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Thursday, March 26, 2009

Marked Decline in Breast Cancer Risk After Stopping Contraceptive pills

Following the release of the 2002 report of the Women's Health Initiative (WHI) trial of estrogen plus progestin (EPT), the use of menopausal hormone therapy in the United States decreased substantially. Subsequently, the incidence of breast cancer also dropped, suggesting a cause-and-effect relation between hormone treatment and breast cancer.

In a study published in N Engl J Med 2009, Leon Speroff, MD and Wendy Y. Chen, MD, MPH analyzed the results of the WHI randomized clinical trial—in which one study group received 0.625 mg of conjugated equine estrogens plus 2.5 mg of medroxyprogesterone acetate daily and another group received placebo—and examined temporal trends in breast-cancer diagnoses in the WHI observational-study cohort. Risk factors for breast cancer, frequency of mammography, and time-specific incidence of breast cancer were assessed in relation to combined hormone use.

RESULTS: In the clinical trial, there were fewer breast-cancer diagnoses in the group receiving estrogen plus progestin than in the placebo group in the initial 2 years of the study, but the number of diagnoses increased over the course of the 5.6-year intervention period. The elevated risk decreased rapidly after both groups stopped taking the study pills, despite a similar frequency of mammography. In the observational study, the incidence of breast cancer was initially about two times as high in the group receiving menopausal hormones as in the placebo group, but this difference in incidence decreased rapidly in about 2 years, coinciding with year-to-year reductions in combined hormone use. During this period, differences in the frequency of mammography between the two groups were unchanged.

The authors concluded that increased risk of breast cancer associated with the use of estrogen plus progestin declined markedly soon after discontinuation of combined hormone therapy and was unrelated to changes in frequency of mammography.

This report from the WHI is not the first about the change in breast cancer prevalence that occurred after the initial WHI publications in 2002, but it is of value because it documents that the change cannot be attributed solely to a decrease in the use of mammography.

The WHI recently updated results on breast cancer risk after discontinuation of the combination EPT arm. Overall results were published for the post-intervention phase in 2008. With mean follow-up of 2.4 years for this phase, a nonsignificant increased risk of breast cancer was still observed (HR, 1.27; 95% CI, 0.91-1.78), with a possible downward trend in cancer risk with follow-up.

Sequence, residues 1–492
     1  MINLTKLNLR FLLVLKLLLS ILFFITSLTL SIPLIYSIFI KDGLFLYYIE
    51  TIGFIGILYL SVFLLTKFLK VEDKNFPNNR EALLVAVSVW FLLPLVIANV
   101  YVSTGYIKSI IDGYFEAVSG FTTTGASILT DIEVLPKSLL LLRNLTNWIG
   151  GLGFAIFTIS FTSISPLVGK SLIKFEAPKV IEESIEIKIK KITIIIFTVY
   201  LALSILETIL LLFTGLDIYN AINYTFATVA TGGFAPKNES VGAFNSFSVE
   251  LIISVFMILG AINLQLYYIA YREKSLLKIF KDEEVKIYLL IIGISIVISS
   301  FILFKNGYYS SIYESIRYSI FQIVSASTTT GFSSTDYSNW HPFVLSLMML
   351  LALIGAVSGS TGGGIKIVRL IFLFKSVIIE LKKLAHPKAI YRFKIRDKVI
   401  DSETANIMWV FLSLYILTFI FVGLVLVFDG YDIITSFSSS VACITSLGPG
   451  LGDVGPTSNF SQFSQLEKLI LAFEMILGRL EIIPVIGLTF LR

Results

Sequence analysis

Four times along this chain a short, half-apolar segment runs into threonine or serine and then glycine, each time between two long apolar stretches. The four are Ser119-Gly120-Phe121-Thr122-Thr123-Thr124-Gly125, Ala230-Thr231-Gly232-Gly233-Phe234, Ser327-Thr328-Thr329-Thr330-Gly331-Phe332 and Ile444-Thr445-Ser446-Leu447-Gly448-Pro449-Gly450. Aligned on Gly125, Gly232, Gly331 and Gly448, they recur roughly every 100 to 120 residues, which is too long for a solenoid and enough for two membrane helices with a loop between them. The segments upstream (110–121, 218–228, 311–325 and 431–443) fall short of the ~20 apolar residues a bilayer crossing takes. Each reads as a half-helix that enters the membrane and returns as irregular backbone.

This newest report is a more detailed analysis on breast cancer outcomes and also drew data from the observational cohort of the WHI. HRs for 6-month time intervals were calculated for both the intervention and nonintervention phase of the clinical trial. In an intention-to-treat analysis, there was no difference in the slopes of the HRs over time comparing the intervention and post-intervention phases (P = 0.28). However, after adjusting for adherence by censoring nonadherent subjects, there was a statistically significant difference in the slopes with HRs increasing over time for women using EPT, but declining after discontinuation (P = 0.005). Although breast cancer cases appeared to decline more in the intervention arm compared to placebo, mammography rates were similar in both arms. During the post-intervention phase, both breast biopsies and mammograms with abnormalities were more common in the EPT arm compared to placebo. Similar results for breast cancer incidence rates were seen using the observational data, although mammography rates were higher among women who used HT compared to those who did not.

After the WHI results were released in 2002, there was a large decline in HT use in the United States. Several investigators then reported a decline in US breast cancer rates correlating with reporting of the WHI trial results. Given the temporal association, it was speculated that this decrease in breast cancer incidence may have been due to the widespread discontinuation of HT, although other investigators noted that there was also a concomitant decline in mammography utilization, which may also have explained the changes. However, mammography rates were similar in the intervention arms of the WHI trial and were stable over time for women in the observational study, so it would seem unlikely that changes in mammography utilization alone can explain the recent decline in US breast cancer rates.

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